What is special about 3DXpoint is not really its capacity, that is good but more than matched by NAND. It is special because it doesn't require power to store data and It is bit addressable and bit erasable. This is good because it keeps the data when off, it is non-volatile, but also because it takes a lot less power to have 1TB of it 'on' in your server. You can also access the data like RAM so you do not need complex wear leveling and pre-fetch methods which add latency and cause write amplification. 3DXpoint has much higher endurance than standard NAND, but only up to good SLC, not invincible like DRAM.

3DXpoint is not going to be used as RAM for hosting VMs, that would still be giving your virtual desktop users RAM that is 10x slower than DRAM. It is for the giant data sets used in Deep Learning and other big data data analysis. It is a way to get terabytes of data very close to the CPU with low power usage and great random access behavior.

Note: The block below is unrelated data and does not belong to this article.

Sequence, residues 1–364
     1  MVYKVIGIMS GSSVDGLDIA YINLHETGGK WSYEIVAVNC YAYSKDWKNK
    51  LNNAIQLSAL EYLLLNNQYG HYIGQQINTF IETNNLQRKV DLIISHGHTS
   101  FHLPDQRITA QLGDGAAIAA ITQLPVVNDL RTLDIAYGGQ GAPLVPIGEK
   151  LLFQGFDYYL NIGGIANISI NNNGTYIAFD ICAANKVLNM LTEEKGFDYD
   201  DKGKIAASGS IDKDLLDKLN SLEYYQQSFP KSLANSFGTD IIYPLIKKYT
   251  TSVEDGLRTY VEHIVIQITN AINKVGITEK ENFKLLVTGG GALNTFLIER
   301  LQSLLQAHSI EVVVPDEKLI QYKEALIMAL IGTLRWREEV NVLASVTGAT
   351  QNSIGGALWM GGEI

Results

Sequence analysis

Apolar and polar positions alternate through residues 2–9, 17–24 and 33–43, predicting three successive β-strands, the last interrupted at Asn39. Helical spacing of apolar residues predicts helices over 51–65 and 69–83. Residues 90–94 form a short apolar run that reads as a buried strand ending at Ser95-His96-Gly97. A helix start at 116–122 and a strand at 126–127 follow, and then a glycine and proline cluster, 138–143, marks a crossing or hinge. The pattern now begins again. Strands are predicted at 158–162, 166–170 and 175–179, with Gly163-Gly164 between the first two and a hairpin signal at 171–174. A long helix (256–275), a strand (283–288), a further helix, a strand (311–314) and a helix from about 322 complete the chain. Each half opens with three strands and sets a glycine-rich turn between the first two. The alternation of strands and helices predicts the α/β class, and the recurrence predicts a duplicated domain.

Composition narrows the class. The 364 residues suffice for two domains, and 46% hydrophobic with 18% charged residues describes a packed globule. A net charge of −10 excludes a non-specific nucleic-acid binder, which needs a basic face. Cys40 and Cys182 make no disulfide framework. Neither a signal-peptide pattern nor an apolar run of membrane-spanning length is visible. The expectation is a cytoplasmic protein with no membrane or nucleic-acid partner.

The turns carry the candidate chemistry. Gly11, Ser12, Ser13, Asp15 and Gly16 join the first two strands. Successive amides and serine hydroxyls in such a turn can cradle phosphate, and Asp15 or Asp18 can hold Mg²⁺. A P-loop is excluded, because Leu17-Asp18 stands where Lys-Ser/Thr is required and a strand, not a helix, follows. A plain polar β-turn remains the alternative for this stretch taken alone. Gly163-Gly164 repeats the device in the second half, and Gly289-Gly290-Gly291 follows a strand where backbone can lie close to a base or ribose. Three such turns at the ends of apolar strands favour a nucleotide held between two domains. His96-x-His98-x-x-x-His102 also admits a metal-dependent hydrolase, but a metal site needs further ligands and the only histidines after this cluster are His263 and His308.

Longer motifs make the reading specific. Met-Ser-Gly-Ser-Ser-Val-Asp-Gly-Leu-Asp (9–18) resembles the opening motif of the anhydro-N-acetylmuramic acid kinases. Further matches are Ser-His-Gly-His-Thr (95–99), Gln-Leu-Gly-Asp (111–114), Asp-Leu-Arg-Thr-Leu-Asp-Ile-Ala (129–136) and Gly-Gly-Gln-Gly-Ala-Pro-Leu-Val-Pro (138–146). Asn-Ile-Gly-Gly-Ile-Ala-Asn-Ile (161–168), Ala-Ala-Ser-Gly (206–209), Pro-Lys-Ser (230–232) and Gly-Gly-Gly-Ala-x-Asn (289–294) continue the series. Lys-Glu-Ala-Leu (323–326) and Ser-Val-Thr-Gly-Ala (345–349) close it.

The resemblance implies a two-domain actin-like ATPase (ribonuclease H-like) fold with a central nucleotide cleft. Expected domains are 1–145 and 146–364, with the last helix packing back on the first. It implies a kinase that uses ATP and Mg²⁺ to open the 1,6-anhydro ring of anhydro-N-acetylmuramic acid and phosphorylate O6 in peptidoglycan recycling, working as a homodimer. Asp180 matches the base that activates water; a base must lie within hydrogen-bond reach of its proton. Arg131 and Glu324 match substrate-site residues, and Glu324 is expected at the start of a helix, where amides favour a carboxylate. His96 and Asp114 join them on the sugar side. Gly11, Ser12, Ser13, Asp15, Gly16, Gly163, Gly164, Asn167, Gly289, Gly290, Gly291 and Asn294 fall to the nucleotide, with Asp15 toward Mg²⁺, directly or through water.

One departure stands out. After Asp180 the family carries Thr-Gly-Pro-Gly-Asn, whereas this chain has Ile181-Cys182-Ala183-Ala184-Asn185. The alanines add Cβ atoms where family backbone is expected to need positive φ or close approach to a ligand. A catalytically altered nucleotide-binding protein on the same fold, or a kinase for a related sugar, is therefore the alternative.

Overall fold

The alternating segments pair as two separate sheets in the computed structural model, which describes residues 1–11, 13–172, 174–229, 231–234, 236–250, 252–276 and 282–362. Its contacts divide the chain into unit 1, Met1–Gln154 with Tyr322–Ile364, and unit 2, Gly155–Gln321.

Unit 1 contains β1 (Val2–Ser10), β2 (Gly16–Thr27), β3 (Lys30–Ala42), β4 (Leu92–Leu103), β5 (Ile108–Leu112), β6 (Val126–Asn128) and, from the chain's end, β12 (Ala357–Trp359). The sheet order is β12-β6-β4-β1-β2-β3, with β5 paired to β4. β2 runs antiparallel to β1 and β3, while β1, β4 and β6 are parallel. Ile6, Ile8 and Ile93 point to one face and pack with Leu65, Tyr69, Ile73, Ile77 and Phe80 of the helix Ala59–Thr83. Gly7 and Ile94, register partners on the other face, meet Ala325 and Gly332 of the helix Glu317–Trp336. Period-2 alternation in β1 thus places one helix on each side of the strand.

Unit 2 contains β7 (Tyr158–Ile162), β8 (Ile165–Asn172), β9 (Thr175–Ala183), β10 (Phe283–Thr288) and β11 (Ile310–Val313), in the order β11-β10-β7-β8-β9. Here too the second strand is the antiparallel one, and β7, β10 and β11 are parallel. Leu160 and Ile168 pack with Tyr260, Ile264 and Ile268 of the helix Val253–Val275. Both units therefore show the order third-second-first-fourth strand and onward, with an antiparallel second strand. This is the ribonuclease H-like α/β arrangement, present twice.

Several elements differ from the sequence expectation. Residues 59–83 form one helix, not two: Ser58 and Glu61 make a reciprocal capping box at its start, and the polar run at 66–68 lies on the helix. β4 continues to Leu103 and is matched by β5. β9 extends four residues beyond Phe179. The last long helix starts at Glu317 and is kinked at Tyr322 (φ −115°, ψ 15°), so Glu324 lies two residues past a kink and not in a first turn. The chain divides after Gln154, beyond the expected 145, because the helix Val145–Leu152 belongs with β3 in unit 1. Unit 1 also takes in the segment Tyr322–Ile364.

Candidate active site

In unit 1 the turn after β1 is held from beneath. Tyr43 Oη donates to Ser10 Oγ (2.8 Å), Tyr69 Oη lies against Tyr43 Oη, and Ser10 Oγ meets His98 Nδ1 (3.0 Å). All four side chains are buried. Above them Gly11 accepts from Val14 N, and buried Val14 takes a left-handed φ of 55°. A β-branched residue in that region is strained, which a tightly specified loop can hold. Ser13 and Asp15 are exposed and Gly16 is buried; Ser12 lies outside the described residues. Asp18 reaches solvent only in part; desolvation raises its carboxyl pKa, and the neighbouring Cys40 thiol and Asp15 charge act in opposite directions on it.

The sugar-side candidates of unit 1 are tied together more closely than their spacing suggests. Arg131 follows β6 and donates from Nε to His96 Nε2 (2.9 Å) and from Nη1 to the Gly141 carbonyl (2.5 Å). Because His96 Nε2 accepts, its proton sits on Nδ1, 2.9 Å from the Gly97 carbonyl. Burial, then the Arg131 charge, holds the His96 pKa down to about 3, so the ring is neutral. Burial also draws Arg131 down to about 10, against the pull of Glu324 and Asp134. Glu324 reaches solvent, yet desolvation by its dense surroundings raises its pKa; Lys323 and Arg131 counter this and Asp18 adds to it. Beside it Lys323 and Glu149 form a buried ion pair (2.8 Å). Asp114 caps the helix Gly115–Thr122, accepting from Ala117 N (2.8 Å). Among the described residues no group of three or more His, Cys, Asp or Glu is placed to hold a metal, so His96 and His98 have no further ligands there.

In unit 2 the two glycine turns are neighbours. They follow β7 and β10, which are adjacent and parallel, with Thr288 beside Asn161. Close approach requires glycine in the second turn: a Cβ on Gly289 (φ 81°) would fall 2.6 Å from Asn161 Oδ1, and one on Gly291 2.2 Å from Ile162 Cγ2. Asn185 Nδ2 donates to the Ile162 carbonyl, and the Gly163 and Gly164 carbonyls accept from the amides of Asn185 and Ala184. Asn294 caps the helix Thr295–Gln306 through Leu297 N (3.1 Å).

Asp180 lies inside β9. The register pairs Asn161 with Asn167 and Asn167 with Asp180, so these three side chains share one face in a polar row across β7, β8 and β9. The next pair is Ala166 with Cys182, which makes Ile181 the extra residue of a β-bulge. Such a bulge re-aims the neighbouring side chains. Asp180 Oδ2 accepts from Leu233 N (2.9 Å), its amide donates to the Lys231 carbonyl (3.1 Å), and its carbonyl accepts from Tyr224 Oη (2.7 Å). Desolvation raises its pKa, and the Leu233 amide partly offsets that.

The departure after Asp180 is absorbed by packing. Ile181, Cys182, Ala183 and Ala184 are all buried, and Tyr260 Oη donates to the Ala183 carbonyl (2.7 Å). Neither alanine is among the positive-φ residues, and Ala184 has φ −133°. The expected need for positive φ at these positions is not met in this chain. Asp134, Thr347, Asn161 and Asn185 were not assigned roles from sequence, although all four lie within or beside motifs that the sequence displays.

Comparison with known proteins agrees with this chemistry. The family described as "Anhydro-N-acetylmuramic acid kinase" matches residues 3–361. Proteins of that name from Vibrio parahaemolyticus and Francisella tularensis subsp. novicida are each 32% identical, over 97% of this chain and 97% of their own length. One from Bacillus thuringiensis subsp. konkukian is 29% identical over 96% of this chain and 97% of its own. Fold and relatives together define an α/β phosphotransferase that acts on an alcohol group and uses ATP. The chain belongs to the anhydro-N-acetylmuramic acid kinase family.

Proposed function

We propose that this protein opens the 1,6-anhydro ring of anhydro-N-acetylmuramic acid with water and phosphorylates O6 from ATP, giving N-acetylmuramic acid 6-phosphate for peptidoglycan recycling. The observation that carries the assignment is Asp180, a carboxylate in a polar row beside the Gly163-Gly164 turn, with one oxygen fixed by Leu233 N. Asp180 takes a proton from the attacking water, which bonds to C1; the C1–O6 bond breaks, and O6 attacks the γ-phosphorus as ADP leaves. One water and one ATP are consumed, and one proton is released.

I too wait for 3DXpoint but not in the hope that NAND will be obsolete. 3DXpoint really would be best used as a new type of memory. Something like 'active computer memory' with an OS designed to be "always on" and programs using DRAM more as an active short-term cache for data manipulation. However this gets complicated and requires redesigning the OS and all applications so it might be a while.
wink.gif


For now, we consumers get faster storage.
tongue.gif
 

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Quote:
Originally Posted by Asmodian View Post